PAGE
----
(The Center Square) - Utah recently lost a lawsuit, but it is not backing down. 

Utah Attorney General Sean D. Reyes previously filed a lawsuit that aimed to reverse the Bears Ears and Grand Staircase-Escalante national monuments. He lost in court on Aug. 11, but filed an appeal to the U.S. Court of Appeals for the Tenth Circuit to keep the fight going.

Reyes said in a press release that the goal is for the case to make it to the Supreme Court and that the Tenth Circuit is merely a necessary stop to help get it there.

“All along, the State of Utah has sought appropriate protections of the precious, unique area in the heart of the Bears Ears and Grand Staircase-Escalante regions,” Reyes said in the release. “But the current monument designations are overkill by millions of acres. President Biden’s designations exceed his authority. We eagerly anticipate explaining to the Tenth Circuit why the law and the facts are on our side.”

Utah Governor Spencer Cox also supports the effort to challenge the ruling.

Last week, Cox said he thinks President Joe Biden lacks the authority to designate these monuments.

“This case will ultimately be decided by the U.S. Supreme Court and today’s ruling helps us get there even sooner," Cox said. "The clear language of the law gives the president the authority only to designate monuments that are ‘the smallest area compatible with the proper care and management of the objects to be protected.’ Monument designations over a million acres are clearly outside that authority and end up ignoring local concerns and damaging the very resources we want to protect. We look forward to starting the appeals process immediately and will continue fighting this type of glaring misuse of the Antiquities Act.”

In its lawsuit, Utah's chief argument against the two designations is that they violate the Antiquities Act of 1906. The law lets the federal government protect “cultural and natural resources of historic or scientific interest on federal lands,” according to the National Park Service.

These lawmakers think that because Biden expanded the two monuments by a combined 3.2 million acres, he overstepped his authority.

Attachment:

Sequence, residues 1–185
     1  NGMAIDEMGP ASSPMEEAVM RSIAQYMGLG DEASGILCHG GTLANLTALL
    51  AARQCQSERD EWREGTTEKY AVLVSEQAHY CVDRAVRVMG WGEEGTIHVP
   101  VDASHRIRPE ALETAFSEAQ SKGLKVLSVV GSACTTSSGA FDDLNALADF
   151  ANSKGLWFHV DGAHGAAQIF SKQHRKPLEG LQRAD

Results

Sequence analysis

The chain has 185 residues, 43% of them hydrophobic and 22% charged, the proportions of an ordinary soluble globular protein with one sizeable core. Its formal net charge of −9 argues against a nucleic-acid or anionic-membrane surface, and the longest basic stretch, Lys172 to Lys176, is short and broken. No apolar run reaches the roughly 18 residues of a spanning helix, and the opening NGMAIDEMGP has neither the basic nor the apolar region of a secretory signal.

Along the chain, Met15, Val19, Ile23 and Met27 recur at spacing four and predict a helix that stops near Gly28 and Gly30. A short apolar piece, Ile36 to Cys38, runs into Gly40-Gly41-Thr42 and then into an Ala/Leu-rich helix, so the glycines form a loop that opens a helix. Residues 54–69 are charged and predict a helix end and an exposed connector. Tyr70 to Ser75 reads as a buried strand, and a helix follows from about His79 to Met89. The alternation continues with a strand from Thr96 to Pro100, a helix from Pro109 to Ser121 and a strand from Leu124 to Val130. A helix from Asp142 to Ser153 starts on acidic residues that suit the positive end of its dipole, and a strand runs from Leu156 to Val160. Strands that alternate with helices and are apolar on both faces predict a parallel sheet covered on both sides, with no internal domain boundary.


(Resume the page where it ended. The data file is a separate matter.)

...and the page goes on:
Yet, when dismissing the lawsuit last week, U.S. District Judge David Nuffer noted that, historically, efforts to challenge national monuments using the Antiquities Act have been unsuccessful, including challenges to former President Theodore Roosevelt's Grand Canyon designation, according to The Salt Lake Tribune.

Gov. Spencer Cox also recently expressed frustration with the creation of the new Grand Canyon National Monument, to which Utah Farm Bureau also submitted comments and had members testify against in Arizona. Many ranch families in Kane, Garfield, and Washington Counties currently graze along the land north of the Grand Canyon known as the "Arizona Strip".

“This monument designation is frustrating news, especially for residents of Utah along the Arizona strip. As I’ve said many times before, massive, landscape-scale monuments like this are a mistake. These designations increase visitation without providing any additional resources for law enforcement and infrastructure to protect sensitive areas," Cox said. "They also needlessly restrict access to the critical minerals that are key to cell phones, satellites, U.S. defense systems and so many other American industries. I still believe the only right way to create large new land designations is through Congress in coordination with local leaders and residents, a process that brings all voices to the table and offers the necessary funding.”